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  • Research for P r a c t i c e

    The Judicial Oversight Demonstration

    U.S. Department of Justice Office of Justice Programs National Institute of Justice f

    eb

    . 09

    Culminating Report on the Evaluation

    www.ojp.usdoj.gov/nij

  • U.S. Department of Justice

    Office of Justice Programs

    810 Seventh Street N.W.

    Washington, DC 20531

    Eric H. Holder, Jr.

    Attorney General

    Laurie O. Robinson

    Acting Assistant Attorney General

    Kristina Rose

    Acting Director, National Institute of Justice

    This and other publications and products of the National Institute of Justice can be found at:

    National Institute of Justice www.ojp.usdoj.gov/nij

    Office of Justice Programs Innovation Partnerships Safer Neighborhoods www.ojp.usdoj.gov

  • FEB. 09

    This Research for Practice is based on Final Report

    on the Evaluation of the Judicial Oversight

    Demonstration: Executive Summary, final report to

    the National Institute of Justice, August 2007,

    NCJ 219386, available online at http://www.

    ncjrs.gov/pdffiles1/nij/ grants/ 219386.pdf.

    The Judicial Oversight Demonstration: Culminating Report on the Evaluation

    Funding for the demonstration sites came from the U.S. Department of Justice, Office on Violence Against Women. Under a separate award from the National Institute of Justice, the Urban Institute conducted an evaluation of the Judicial Oversight Demonstration Initiative, which includes process and impact evaluations.

    The opinions and conclusions expressed in this document are solely those of the authors and do not necessarily reflect the views of the U.S. Department of Justice, or the Urban Institute, its trustees or its funders.

    This research was sponsored by the National Institute of Justice under Cooperative Agreement 99-WT-VX-K005.

    NCJ 224201

  • R e s e a R c h f o R P R a c t i c e / f e B . 0 9

    About this report

    The Judicial Oversight Demonstration (JOD) was designed to test the feasibility and impact of a coordinated response to intimate partner violence (IPV) that involved the courts and justice agencies in a central role. A national evaluation of JOD began in 2000 with the start of demonstration activities and continued throughout and beyond the intervention period. This report presents an overview of the entire evaluation and presents specific findings from the three JOD sites and from comparison sites.

    What did the researchers find? Highlights of the findings include:

    n Victims in all sites were generally satisfied with the response of police, prosecutors and the court, and rated their fairness and impact on future violence positively.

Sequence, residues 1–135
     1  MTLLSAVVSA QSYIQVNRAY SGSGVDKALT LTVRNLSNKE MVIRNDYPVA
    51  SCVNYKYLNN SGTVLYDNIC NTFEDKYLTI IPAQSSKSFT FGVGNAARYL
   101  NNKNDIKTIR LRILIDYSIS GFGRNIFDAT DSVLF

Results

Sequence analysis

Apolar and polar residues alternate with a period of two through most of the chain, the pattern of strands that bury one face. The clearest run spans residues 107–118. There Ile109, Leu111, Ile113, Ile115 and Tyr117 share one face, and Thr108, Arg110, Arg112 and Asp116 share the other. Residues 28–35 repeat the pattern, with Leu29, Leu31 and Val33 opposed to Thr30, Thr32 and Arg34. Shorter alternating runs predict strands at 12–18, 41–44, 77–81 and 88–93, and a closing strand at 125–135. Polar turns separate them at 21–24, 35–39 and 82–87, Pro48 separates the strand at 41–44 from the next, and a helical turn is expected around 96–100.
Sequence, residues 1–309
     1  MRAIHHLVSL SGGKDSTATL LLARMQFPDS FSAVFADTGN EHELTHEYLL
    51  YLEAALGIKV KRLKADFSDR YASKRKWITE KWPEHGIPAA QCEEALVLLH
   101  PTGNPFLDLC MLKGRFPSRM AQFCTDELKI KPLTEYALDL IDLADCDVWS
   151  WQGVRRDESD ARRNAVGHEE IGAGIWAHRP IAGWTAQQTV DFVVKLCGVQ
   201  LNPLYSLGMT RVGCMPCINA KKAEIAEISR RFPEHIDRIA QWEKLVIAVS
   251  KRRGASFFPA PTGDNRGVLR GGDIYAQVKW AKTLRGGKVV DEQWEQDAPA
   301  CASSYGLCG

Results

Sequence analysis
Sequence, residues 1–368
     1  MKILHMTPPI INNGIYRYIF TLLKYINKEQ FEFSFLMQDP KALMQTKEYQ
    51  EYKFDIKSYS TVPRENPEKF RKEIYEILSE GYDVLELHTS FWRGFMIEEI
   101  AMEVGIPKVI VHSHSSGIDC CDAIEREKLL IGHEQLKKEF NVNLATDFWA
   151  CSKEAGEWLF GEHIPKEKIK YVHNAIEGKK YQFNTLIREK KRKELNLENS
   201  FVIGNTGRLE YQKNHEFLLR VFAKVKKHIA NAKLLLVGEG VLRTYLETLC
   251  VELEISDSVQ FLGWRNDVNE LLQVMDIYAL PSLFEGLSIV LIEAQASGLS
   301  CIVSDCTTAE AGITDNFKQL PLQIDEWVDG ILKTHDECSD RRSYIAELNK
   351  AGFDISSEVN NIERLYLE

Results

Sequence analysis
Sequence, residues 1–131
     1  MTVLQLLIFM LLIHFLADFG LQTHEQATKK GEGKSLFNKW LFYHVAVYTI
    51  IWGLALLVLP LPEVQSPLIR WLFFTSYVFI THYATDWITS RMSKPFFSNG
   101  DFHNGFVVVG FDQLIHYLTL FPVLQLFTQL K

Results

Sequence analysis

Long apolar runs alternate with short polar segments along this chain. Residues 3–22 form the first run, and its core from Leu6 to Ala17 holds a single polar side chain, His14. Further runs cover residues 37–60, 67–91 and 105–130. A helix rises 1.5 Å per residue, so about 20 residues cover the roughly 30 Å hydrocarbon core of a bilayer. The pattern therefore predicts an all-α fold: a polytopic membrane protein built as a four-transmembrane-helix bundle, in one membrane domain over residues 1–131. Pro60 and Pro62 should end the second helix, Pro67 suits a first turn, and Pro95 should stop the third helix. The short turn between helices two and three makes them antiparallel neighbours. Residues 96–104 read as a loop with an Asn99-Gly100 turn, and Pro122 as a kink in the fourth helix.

n Victims identified some problems in interactions with justice agencies (such as scheduling conflicts that made court attendance difficult).

    n Victims in all sites reported moderately high levels of safety and well-being 11 months after the initial IPV incident.

    n JOD reductions in victim reports of repeat IPV were stronger for some types of victims and offenders (see page 11).

    n JOD increased offender accountability (e.g., more probation requirements, increased likelihood of conviction).

    n JOD did not decrease offender perceptions of the fairness of judges or probation departments, and also did not increase offenders perceptions of the certainty and severity of the penalties for violations of some court orders.

    What were the studys limitations? See page 5.

    iiii

  • c u l m i n a t i n g R e P o R t o n t h e J o D e v a l u a t i o n

    Adele Harrell, Christy Visher, Lisa Newmark, and Jennifer Yahner

    the Judicial oversight Demonstration: CulminatingReport on the Evaluation

    In this report, the terms intimate partner

    violence (IPV) and domestic violence (DV)

    are used interchangeably to mean violence

    that occurs between intimate partners.

    About the Authors

    Adele Harrell, Christy Visher, Lisa Newmark,

    and Jennifer Yahner were with the

    Urban Institute when the evaluation

    discussed here was conducted.

    the JoD initiative In 1999, the Office on Violence Against Women selected three sites for the implementation of a Judicial Oversight Demonstration (JOD) project. In each of these sites Dorchester, Mass., Milwaukee, Wisc., and Washtenaw County, Mich. criminal justice agencies and community-based agencies serving victims and offenders formed partnerships to work collaboratively to support an effective response to intimate partner violence (IPV) incidents. The partnerships differed from earlier coordinated community responses to domestic violence (DV) [please see margin note on terminology] by placing special focus on the role of the court, and specifically the judge, in facilitating offender accountability in collaboration with both nonprofit service providers and other criminal justice agencies.